>>> This issue is still open.  Any suggestions/help with this would be
>>> greatly appreciated.
>>>
>>> Thanks,
>>>
>>> Paul
>>>
>>>
>>> -----Original Message-----
>>> From: java-user-return-42080-Paul_Murdoch=emainc.com@lucene.apache.org
>>> [mailto:java-user-return-42080-Paul_Murdoch=emainc.com@lucene.apache.org
>>> ] On Behalf Of Paul_Murdoch@emainc.com
>>> Sent: Monday, August 31, 2009 10:28 AM
>>> To: java-user@lucene.apache.org
>>> Subject: Indexing large files?
>>>
>>> Hi,
>>>
>>>
>>>
>>> I'm working with Lucene 2.4.0 and the JVM (JDK 1.6.0_07).  I'm
>>> consistently receiving "OutOfMemoryError: Java heap space", when trying
>>> to index large text files.
>>>
>>>
>>>
>>> Example 1: Indexing a 5 MB text file runs out of memory with a 16 MB
>>> max. heap size.  So I increased the max. heap size to 512 MB.  This
>>> worked for the 5 MB text file, but Lucene still used 84 MB of heap space
>>> to do this.  Why so much?
>>>
>>>
>>>
>>> The class FreqProxTermsWriterPerField appears to be the biggest memory
>>> consumer by far according to JConsole and the TPTP Memory Profiling
>>> plugin for Eclipse Ganymede.
>>>
>>>
>>>
>>> Example 2: Indexing a 62 MB text file runs out of memory with a 512 MB
>>> max. heap size.  Increasing the max. heap size to 1024 MB works but
>>> Lucene uses 826 MB of heap space while performing this.  Still seems
>>> like way too much memory is being used to do this.  I'm sure larger
>>> files would cause the error as it seems correlative.
>>>
>>>
>>>
>>> I'm on a Windows XP SP2 platform with 2 GB of RAM.  So what is the best
>>> practice for indexing large files?  Here is a code snippet that I'm
>>> using:
>>>
>>>
>>>
>>> // Index the content of a text file.
>>>
>>>      private Boolean saveTXTFile(File textFile, Document textDocument)
>>> throws CIDBException {
>>>
>>>
>>>
>>>            try {
>>>
>>>
>>>
>>>                  Boolean isFile = textFile.isFile();
>>>
>>>                  Boolean hasTextExtension =
>>> textFile.getName().endsWith(".txt");
>>>
>>>
>>>
>>>                  if (isFile && hasTextExtension) {
>>>
>>>
>>>
>>>                        System.out.println("File " +
>>> textFile.getCanonicalPath() + " is being indexed");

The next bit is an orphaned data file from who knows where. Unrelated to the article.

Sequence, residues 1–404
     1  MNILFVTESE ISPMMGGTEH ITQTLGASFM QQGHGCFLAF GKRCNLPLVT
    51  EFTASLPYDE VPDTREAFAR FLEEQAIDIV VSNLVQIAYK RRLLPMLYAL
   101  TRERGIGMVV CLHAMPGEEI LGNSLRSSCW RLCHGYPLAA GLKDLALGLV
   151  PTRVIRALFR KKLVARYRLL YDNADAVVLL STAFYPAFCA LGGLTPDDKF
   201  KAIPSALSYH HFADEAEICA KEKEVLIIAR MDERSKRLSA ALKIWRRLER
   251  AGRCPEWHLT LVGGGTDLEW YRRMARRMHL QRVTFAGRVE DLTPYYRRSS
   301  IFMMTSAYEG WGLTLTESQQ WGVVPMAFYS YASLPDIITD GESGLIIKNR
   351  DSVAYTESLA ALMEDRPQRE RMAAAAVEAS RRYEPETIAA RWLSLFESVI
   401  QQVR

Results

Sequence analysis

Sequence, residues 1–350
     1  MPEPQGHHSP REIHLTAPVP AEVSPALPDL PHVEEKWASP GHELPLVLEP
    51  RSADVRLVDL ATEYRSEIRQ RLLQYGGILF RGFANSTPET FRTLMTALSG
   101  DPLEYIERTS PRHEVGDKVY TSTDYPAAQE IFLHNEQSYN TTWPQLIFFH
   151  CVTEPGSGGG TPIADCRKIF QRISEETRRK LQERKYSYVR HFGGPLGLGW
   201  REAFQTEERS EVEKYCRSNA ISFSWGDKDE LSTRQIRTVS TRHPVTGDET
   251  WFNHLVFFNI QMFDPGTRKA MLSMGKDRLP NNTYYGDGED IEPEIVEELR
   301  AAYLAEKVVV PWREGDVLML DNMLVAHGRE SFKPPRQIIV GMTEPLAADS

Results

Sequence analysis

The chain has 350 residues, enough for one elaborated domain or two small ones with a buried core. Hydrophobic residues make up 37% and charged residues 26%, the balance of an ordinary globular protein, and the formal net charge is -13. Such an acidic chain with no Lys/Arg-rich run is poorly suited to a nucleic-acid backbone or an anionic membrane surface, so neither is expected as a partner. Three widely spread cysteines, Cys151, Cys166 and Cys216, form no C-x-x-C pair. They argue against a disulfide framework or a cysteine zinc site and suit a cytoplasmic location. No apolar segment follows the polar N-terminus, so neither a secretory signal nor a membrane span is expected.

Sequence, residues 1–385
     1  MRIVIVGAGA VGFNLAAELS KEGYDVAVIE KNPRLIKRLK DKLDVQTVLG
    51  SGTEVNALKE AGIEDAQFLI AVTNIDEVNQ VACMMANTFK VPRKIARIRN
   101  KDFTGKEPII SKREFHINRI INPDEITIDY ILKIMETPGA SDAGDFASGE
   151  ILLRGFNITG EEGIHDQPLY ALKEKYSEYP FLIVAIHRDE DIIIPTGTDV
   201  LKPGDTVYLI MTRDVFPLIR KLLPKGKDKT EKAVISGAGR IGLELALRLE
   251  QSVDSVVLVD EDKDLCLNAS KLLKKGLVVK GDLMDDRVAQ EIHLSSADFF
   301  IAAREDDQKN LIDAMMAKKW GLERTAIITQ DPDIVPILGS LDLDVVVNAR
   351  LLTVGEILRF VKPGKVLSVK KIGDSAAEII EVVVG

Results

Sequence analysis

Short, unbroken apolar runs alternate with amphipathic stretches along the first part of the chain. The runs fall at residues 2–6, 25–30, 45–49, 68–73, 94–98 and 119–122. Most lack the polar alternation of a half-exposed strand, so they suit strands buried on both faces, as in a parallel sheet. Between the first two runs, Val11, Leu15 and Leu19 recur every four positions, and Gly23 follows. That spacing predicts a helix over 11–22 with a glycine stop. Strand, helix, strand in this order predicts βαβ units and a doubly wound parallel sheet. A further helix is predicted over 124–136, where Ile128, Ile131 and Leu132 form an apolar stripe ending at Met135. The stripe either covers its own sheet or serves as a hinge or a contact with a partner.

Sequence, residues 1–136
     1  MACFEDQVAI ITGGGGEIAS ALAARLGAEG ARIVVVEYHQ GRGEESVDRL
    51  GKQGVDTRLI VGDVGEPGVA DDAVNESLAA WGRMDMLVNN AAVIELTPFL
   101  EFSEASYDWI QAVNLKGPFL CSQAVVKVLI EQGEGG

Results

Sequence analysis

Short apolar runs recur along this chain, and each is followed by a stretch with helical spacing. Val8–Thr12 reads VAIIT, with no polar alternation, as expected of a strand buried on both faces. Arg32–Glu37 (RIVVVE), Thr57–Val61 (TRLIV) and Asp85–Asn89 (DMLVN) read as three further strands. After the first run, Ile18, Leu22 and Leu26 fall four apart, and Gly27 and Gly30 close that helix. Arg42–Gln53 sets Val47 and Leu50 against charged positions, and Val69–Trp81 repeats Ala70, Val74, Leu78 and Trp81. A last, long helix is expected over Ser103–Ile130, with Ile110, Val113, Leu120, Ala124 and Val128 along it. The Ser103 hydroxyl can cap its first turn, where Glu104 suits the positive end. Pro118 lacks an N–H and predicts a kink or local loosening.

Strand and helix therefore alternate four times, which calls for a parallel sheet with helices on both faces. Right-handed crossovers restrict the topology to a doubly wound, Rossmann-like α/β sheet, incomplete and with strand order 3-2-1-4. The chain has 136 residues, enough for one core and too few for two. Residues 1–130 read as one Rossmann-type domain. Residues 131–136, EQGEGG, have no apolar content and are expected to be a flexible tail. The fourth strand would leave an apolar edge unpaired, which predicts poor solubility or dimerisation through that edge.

>>>
>>>                        Reader textFileReader = new
>>> FileReader(textFile);
>>>
>>>                        if (textDocument == null)
>>>
>>>                              textDocument = new Document();
>>>
>>>                        textDocument.add(new Field("content",
>>> textFileReader));
>>>
>>>                        indexWriter.addDocument(textDocument);
>>> // BREAKS HERE!!!!
>>>
>>>                  }
>>>
>>>            } catch (FileNotFoundException fnfe) {
>>>
>>>                  System.out.println(fnfe.getMessage());
>>>
>>>                  return false;
>>>
>>>            } catch (CorruptIndexException cie) {
>>>
>>>                  throw new CIDBException("The index has become
>>> corrupt.");
>>>
>>>            } catch (IOException ioe) {
>>>
>>>                  System.out.println(ioe.getMessage());
>>>
>>>                  return false;
>>>
>>>            }
>>>
>>>            return true;
>>>
>>>      }
>>>
>>>
>>>
>>>
>>>
>>> Thanks much,
>>>
>>>
>>>
>>> Paul
>>>
>>>
>>>
>>>
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>>>
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>>>
>>
>>
>>
>> --
>>
>> -
>>
>> ---------------------------------------------------------------------
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>> For additional commands, e-mail: java-user-help@lucene.apache.org
>>
>>
>
>
>
> --
>
> -
>
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> To unsubscribe, e-mail: java-user-unsubscribe@lucene.apache.org